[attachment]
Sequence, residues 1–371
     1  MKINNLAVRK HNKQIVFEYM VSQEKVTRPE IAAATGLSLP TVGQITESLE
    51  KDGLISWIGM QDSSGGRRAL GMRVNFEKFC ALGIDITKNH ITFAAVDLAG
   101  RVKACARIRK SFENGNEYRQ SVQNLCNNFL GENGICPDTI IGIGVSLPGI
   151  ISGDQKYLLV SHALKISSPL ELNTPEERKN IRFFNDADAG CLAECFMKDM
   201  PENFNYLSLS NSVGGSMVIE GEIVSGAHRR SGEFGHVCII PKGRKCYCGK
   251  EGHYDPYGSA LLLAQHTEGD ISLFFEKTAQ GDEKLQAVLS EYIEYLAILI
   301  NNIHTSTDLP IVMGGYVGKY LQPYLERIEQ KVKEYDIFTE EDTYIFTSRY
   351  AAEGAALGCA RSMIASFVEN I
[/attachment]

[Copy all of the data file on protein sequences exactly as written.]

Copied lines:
Sequence, residues 1–371
     1  MKINNLAVRK HNKQIVFEYM VSQEKVTRPE IAAATGLSLP TVGQITESLE
    51  KDGLISWIGM QDSSGGRRAL GMRVNFEKFC ALGIDITKNH ITFAAVDLAG
   101  RVKACARIRK SFENGNEYRQ SVQNLCNNFL GENGICPDTI IGIGVSLPGI
   151  ISGDQKYLLV SHALKISSPL ELNTPEERKN IRFFNDADAG CLAECFMKDM
   201  PENFNYLSLS NSVGGSMVIE GEIVSGAHRR SGEFGHVCII PKGRKCYCGK
   251  EGHYDPYGSA LLLAQHTEGD ISLFFEKTAQ GDEKLQAVLS EYIEYLAILI
   301  NNIHTSTDLP IVMGGYVGKY LQPYLERIEQ KVKEYDIFTE EDTYIFTSRY
   351  AAEGAALGCA RSMIASFVEN I